What is a Card Acceptor ID?
- A card acceptor ID is the identification value used by card brands and banks to identify the location of the card acceptor terminal.
- Card Acceptor IDs differ from Merchant IDs in that CAIDs identify location while MIDs identify the merchant attached to the payment.
What is a CAID (Card Acceptor ID)?
A card acceptor ID identifies the location from which a money transfer originates. They are alphanumeric values 1 – 15 characters long and unique to a particular transaction origin point. Card acceptor terminal IDs, also known as CAIDs, are assigned to individual store locations for tracking and security purposes.
Do I need to know my CAID?
CAIDs are useful for acquiring banks as they not only identify the origin point of a transfer but also determine which end client receives funds. These IDs are credit card processor unique and are mostly useful for communication between card brands and banks.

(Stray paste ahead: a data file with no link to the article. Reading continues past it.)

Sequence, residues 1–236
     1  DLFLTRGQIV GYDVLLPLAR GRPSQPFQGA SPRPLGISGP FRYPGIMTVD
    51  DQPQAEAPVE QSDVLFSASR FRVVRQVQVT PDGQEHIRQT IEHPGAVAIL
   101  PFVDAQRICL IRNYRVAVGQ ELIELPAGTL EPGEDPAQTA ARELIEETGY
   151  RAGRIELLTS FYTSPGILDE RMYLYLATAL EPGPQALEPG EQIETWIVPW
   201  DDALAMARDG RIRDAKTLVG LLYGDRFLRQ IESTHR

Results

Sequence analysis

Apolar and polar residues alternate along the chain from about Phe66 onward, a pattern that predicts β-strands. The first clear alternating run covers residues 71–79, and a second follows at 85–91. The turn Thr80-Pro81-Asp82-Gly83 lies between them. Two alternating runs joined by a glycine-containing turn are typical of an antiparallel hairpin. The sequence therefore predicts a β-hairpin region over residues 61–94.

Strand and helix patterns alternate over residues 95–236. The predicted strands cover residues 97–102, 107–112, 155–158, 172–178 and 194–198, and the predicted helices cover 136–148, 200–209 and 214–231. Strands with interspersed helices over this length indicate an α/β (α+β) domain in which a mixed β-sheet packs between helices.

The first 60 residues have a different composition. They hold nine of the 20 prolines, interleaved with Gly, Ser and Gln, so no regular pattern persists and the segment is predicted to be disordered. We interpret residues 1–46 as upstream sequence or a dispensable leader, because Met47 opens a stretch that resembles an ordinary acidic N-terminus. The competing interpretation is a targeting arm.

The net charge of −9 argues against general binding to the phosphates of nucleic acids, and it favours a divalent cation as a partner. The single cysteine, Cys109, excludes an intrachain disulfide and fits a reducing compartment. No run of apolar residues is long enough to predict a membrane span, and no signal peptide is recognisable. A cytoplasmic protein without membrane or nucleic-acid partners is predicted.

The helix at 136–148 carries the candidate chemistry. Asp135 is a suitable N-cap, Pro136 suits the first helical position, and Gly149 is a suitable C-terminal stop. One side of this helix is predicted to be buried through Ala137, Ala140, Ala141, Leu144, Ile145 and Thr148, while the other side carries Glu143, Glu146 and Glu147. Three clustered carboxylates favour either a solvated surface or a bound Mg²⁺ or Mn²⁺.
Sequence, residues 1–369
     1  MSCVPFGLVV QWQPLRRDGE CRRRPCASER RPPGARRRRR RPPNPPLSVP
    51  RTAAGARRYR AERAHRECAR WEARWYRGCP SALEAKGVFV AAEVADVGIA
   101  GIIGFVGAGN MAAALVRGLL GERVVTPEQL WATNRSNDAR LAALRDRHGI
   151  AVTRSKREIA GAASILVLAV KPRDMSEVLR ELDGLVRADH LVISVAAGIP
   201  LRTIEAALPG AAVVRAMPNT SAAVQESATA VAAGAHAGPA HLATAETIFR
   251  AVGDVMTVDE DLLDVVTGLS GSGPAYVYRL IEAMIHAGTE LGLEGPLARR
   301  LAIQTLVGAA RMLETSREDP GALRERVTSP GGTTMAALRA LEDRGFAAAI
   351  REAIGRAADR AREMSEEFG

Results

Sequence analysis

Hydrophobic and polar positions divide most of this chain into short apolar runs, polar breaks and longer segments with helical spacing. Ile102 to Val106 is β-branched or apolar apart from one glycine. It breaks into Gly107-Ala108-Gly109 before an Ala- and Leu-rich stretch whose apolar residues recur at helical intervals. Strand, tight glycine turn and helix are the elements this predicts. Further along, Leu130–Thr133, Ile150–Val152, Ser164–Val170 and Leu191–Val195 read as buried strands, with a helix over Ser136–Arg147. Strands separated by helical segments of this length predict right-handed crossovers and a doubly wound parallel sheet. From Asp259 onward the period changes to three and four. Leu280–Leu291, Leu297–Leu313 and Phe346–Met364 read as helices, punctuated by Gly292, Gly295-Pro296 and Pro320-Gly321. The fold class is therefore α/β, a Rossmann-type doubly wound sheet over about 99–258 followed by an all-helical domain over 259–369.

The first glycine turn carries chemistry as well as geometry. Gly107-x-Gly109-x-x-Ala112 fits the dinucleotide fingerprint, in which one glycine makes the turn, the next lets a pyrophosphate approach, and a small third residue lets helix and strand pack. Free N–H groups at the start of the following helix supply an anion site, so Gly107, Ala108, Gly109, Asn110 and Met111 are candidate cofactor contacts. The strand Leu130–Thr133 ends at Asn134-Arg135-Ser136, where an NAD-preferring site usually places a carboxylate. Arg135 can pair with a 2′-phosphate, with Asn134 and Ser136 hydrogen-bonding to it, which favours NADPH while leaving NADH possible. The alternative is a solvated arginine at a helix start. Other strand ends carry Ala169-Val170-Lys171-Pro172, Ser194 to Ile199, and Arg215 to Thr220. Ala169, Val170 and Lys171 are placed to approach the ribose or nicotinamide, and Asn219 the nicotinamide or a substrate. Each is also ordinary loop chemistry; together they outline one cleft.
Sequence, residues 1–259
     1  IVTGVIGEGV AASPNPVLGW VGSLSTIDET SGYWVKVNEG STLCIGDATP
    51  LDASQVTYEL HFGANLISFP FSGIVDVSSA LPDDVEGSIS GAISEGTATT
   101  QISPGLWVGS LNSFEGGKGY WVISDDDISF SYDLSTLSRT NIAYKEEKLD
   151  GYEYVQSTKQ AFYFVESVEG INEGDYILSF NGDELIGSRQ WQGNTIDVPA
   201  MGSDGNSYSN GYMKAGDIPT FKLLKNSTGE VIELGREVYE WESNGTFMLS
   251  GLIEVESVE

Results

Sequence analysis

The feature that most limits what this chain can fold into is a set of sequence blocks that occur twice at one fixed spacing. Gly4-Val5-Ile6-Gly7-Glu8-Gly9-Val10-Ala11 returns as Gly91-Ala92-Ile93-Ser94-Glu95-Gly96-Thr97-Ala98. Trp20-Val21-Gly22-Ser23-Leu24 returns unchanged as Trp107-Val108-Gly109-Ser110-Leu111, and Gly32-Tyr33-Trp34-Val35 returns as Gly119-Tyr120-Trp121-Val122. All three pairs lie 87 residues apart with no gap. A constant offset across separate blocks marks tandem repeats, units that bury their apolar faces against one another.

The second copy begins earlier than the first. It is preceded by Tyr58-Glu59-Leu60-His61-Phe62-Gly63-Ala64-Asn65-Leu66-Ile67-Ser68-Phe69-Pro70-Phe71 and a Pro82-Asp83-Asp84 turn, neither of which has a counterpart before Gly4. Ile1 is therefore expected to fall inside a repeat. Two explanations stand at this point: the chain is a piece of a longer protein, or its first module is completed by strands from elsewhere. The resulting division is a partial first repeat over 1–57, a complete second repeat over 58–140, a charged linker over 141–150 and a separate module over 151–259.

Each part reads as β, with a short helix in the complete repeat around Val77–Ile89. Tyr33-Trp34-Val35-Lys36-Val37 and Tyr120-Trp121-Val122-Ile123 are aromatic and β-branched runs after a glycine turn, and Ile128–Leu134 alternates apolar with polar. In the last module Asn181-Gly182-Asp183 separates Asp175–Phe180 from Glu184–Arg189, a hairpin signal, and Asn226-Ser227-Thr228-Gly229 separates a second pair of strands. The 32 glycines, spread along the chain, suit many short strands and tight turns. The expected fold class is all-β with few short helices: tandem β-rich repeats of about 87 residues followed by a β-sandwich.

If a merchant needs to see a CAID for any reason, it can be determined by asking the merchant’s acquiring bank.
How do CAIDs get used?
Card Acceptor IDs are sent to the respective payment card brand with a transaction, and the card brand passes this ID on to the bank to identify the point of the transaction.
Card Acceptor ID vs Merchant ID
As discussed above, a Card Acceptor ID identifies the point of transaction and helps banks properly process transfer requests.
Merchant IDs are a bit different than CAIDs. Merchant IDs are unique values that identify merchants when credit cards are being processed. A MID is needed in order for payments to be sent to the merchant after the payment has been processed. MIDs are used to identify the merchant account as the payment request travels from the merchant account provider to the acquiring bank.
Simply put, a card acceptor ID identifies the location of a transaction, while a merchant ID identifies the merchant to whom the transaction is attached. Both are important for card brands and banks to know as they process transactions.
Card acceptor IDs are an important piece of information needed for a transaction to take place.
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